1. Further to the point about making a different drink by using burning sugar: You can always do that if you like it. You can also add burnt sugar (elsewhere called caramel) to whisky, brandy, etc. Nothing wrong with that. What's wrong is confusing it with the much more standard absinthe tradition of sugar-cube-and-water.

                  The Prague bartender in the story here did something even more eccentric: He served the drink undiluted, if I read right. Absinthe (which began as a patent medicine, like many cordials and bitters of course) was made to be diluted: It traditionally ships at 65 -70% alcohol (130-140 "proof") and was almost always served very diluted with cold water, as a refreshing tall drink. (Generically that drink, with anise-flavored liquor which need not be absinthe, is a "pastis" and is said never better than when drunk in the warm breeze of the Mediterranean.)

                  Finally the Czech republic, like Spain, is known for a variety of absinthe products not all equally faithful or flavorful. It is much easier to make a salable green-colored strong herbal liquor than a quality one. That fact aided the notoriety of absinthe in the 19th century, as shortcut recipes, toxic inorganic coloration, and carelessly produced alcohol made quick profits and also sometimes made people seriously ill.

                  1. Becherovka, from the spa town Karlsbad (now called Karlovy Vary) in the Czech Republic, is one such "patent medicine" from the same period. It was wildly popular at one time too.

                    This may also interest you eatzalot:


                    1. sigh. the burning sugar cube and absinthe thing was invented in Prague in the 1990's. seriously.

                      oh, and there is no such thing as real Czech absinthe. the Czech stuff is always made by maceration (much cheaper)...real absinthe is distilled and doesn't use food coloring.

                      the real stuff can be obtained in Switzerland or from France (the Ted Breaux Jade series).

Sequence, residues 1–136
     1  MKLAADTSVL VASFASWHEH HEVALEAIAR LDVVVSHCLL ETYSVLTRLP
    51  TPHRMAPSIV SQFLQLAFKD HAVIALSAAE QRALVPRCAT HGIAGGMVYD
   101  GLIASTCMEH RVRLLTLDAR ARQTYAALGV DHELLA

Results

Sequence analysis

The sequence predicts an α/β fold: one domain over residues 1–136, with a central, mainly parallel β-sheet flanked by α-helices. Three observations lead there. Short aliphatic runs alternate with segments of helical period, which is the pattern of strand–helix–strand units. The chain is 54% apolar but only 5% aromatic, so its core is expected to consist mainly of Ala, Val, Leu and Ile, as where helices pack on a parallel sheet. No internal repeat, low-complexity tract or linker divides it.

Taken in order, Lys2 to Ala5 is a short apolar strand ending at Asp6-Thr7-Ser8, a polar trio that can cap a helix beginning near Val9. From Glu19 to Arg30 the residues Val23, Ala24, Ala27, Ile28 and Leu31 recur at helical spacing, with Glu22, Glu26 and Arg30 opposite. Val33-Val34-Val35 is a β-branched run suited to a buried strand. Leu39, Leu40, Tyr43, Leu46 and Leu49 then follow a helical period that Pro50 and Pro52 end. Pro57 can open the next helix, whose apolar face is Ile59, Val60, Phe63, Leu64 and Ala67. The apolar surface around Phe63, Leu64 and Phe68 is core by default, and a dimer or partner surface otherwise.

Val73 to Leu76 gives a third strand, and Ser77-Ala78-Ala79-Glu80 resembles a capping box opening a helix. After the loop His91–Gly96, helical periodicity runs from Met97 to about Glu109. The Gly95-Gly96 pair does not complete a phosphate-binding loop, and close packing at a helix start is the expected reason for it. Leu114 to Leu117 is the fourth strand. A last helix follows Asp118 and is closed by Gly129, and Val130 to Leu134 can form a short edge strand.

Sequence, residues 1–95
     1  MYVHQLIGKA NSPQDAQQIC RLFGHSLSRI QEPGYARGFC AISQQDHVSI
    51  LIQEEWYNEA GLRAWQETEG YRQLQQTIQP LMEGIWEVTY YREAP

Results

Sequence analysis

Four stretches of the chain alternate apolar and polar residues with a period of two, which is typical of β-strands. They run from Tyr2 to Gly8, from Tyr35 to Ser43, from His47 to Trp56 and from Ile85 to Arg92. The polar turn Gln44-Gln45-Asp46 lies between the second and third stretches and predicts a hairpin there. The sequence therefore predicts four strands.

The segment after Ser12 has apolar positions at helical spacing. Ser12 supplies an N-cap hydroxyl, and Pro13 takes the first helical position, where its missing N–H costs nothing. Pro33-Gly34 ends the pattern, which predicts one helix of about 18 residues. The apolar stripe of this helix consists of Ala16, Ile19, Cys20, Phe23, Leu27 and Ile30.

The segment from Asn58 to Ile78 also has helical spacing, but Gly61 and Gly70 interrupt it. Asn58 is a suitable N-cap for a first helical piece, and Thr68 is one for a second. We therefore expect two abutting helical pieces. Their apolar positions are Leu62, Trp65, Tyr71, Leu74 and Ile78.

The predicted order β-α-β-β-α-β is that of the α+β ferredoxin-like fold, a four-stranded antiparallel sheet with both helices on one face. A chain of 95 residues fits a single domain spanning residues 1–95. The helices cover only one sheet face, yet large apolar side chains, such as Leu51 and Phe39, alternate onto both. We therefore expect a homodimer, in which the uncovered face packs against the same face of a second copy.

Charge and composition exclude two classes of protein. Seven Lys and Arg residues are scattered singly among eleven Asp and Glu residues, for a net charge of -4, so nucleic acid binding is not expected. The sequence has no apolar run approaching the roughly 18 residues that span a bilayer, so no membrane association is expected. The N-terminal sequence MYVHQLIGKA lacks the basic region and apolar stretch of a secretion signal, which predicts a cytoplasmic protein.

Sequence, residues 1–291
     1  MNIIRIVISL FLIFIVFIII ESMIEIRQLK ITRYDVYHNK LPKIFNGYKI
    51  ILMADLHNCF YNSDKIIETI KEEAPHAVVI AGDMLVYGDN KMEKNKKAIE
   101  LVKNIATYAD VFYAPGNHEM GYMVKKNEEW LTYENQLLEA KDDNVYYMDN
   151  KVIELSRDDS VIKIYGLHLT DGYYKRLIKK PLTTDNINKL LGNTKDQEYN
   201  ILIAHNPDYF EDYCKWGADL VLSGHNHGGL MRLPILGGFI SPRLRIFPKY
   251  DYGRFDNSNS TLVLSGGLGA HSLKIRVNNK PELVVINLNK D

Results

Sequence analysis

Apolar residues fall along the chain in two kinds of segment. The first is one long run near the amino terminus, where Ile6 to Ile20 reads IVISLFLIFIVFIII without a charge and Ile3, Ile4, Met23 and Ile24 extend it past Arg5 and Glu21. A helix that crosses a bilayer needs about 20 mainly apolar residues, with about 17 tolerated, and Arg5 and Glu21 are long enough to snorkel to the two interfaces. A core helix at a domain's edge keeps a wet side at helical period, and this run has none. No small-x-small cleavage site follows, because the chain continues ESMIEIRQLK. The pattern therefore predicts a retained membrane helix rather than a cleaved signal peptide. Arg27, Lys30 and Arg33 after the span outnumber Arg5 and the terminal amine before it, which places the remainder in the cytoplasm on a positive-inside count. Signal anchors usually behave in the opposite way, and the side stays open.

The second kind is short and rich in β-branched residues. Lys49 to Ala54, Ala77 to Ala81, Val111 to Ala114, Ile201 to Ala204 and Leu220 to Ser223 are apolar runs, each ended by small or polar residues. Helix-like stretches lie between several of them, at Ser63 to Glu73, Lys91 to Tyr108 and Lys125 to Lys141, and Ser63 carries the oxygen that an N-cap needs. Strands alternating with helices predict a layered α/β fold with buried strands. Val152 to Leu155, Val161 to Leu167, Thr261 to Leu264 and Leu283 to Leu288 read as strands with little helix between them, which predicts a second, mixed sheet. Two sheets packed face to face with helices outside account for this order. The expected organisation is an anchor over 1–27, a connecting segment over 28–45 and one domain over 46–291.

1. "it outrages the new absinthe hobbyists and collectors, who go on and on about it,"
                        eatzalot Feb 17, 2007

                        Yep :-)

                        Re: Czech Absinthe. Nathan07: With all due respect that is just your opinion. Do you know about maceration? It may be cheaper (I do not know) but does it not preserve the herbal constituents better than distillation? Seems logical to me :-)

                        1. except that mine is an educated opinion.

                          there's a reason why Czech absinthe costs $10 a bottle and Eduoard 72 $120 a bottle. one is macerated, one is distilled. one is absinthe, one is not. real absinthe was never macerated. real absinthe never used food coloring.

                          1. oh, and trust me, the difference in the taste is beyond dramatic.

                            all opinions are opinions, this is true. some opinions, however, happen to also be facts. others are not.

                            1. I have to side with Nathan on this one. I have had a number of absinthes (having tasted over 20 of them), from the cheap to the expensive, from the macerated to the distilled. Nathan is 100% correct and I have never tasted a Czech absinthe that can hold a candle to those from Switzerland or France (the best, in my opinion).

                              1. "except that mine is an educated opinion"

                                Thank you for the clarification...:-)

                                "some opinions, however, happen to also be facts. others are not"

                                Really? "the Czech stuff is always made by maceration (much cheaper)" Always...are you sure about that? I do not think you are. Prejudice isn't fact.

                                1 Reply
                                1. re: Bluebeard

                                  I dare you to name one Czech "absinthe" that is distilled. Just one.

                                  (there is one Czech "absinthe" that is considered to be slightly better than the rest...it, however, is still made by maceration)

                                2. I really loved your use of the term "dare"! Reminds me of the schoolyard! How old are you? Do you mean Cami's Tolouse Lautrec Absinthe? That's not distilled according to you, then?

                                  I am here to learn :-)

                                  1. What is your opinion of this?

                                    "Today we have exceptional filtration technology that is able to process the macerate, remove the solid herbs and leave the herbal qualities in place in the alcohol."

                                    Kyle J. Bairnsfather
                                    Sdružení pro výrobu a odbyt likérů s.r.o

                                    "Reality Absinthe can boast that it is handmade from all natural ingredients, with a darker olive-green coloration" (Review)

                                    So no "food colouring"? This according to you is the standard of Czech Absinthe. Could you be wrong? Perish the thought!